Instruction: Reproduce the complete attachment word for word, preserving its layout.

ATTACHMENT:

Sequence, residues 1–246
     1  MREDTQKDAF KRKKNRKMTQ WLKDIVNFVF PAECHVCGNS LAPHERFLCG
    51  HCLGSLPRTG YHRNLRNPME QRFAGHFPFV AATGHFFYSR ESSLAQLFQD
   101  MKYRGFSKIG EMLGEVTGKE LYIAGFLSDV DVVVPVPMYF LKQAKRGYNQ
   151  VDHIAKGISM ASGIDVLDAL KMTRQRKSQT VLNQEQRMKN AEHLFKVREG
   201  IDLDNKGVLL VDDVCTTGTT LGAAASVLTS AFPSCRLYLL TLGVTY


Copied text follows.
Sequence, residues 1–246
     1  MREDTQKDAF KRKKNRKMTQ WLKDIVNFVF PAECHVCGNS LAPHERFLCG
    51  HCLGSLPRTG YHRNLRNPME QRFAGHFPFV AATGHFFYSR ESSLAQLFQD
   101  MKYRGFSKIG EMLGEVTGKE LYIAGFLSDV DVVVPVPMYF LKQAKRGYNQ
   151  VDHIAKGISM ASGIDVLDAL KMTRQRKSQT VLNQEQRMKN AEHLFKVREG
   201  IDLDNKGVLL VDDVCTTGTT LGAAASVLTS AFPSCRLYLL TLGVTY